According to Kamar, Nigeria has got the icing on the investment cake when compared with other markets continent-wide. “Nigeria except for one or two places is ahead of Africa: Population growing faster, total subscriber base growing much faster, 2G subscribers growing nearly double, 3G subsribers growing even faster,” he noted. However, he expressed worries that the 4G subscription is an area of concern. “In Nigeria, we see that the 4G subscription is growing at barely half the range of 4G subscription growth elsewhere. This is the opportunity that ntel intends to latch at in order to be the game changer by deploying a 4G network. According to Kamar, the number of 2G subscriptions across Africa is roughly around 16 per cent, 3G dropped to around 11-12 per cent and 4G is around 9 per cent. “We seemed to be losing on the momentum in mobilising the higher bandwidth; the broadband turf. We seemed to be losing the momentum very graphically in relation to growing broadband. Why are we not growing with the 4G which is the heart of broadband?
The ntel boss explained that being the 5th operator is just a tag that does not in any way distract from ability to make a huge impact in a market already dominated by MTN, Glo, Airtel and Etisalat. He said that MTN once faced similar threat when it came into Nigeria in 2001 with CDMA operators in dominance. Going back in time, he said that MTN actually entered the Nigerian market as the 11th operator if the previous operators were all to be accounted for. “And what is relevant here is the example of MTN which is no slacker in relation to growing subscriptions. According to him, the game changer for MTN at the point of entry in the market was the GSM technology it adopted at the time the market was dominated by fixed wireless and CDMA.
Not bothered by the “5th operator” status, he said unequivocally that “there is space aplenty” for the new entrant in the market. Using the tele-density as the active fulcrum for the paradigm shift, Kamar said that using the tele-density as a factor of the total population as an indicator of the economically active SIMs presents a huge opportunity for new prospects as more people become gainfully employed over the next couple of years. He said that with a potential 15 million new jobs creating new wealth over the next five years, market opportunity in Nigeria is clearly one of the highest in the world. Kamar stressed that the Nigerian market is still very hungry.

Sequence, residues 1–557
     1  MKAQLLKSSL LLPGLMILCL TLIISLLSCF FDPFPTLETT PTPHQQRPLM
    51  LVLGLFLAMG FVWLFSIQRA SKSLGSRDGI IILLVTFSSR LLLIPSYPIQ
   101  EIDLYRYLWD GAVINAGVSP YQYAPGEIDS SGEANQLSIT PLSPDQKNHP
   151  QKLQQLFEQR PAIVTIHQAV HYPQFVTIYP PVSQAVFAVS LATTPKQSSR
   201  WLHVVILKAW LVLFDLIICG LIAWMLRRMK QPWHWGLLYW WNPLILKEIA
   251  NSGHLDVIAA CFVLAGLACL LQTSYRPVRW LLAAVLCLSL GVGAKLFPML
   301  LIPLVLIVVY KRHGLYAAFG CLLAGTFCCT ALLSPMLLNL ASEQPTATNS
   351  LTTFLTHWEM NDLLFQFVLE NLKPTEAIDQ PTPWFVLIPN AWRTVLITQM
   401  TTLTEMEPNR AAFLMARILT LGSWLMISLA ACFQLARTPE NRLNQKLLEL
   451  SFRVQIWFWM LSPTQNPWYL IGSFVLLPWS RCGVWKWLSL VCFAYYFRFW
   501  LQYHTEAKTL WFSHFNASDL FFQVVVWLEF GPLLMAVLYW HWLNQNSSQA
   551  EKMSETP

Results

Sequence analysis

Still on why ntel is potentially positioned to make the difference, Kamar said that “the reality of the way 3G has been deployed is responsible to the low uptake of Internet access in Nigeria which records higher volume over 2G networks compared to the access via 3G. I want Internet access but don’t just give it to me via 3G networks. 3G is 2100 and 2G is 1800 and the difficulty is that 3G has been deployed on a 2G network grid. And it simply means that the signals don’t get to the right places to serve the right customers. And that means that the experience is a universally poor one.
He would not mince words that “Nigeria is under performing in relation to the amount of data that we consume and this is having impact on our GDP. It seems to me the evidence is compelling that when you don’t have as much through put on data it affects your productivity, which affects your wealth and affects your GDP and your investments. That virtuous circle needs to be reinforced. The way to do it is through high speed broadband and therefore here is our story. Our story is the pure play 4G network and it is simply a better technology and frankly it is better commercially too. And the reality is there is no alternative in terms of spectrum from NCC as yet. The reality is that there are plenty of devices out there to do 4G and provide 4G on voice and on data even on our spectrum the 1800/900 there are plenty of devices. Our story is that of pure 4G network, with high speed broadband and better technology. We see ourselves as offering Nigeria the key ingredient, with the deployment of 4G.”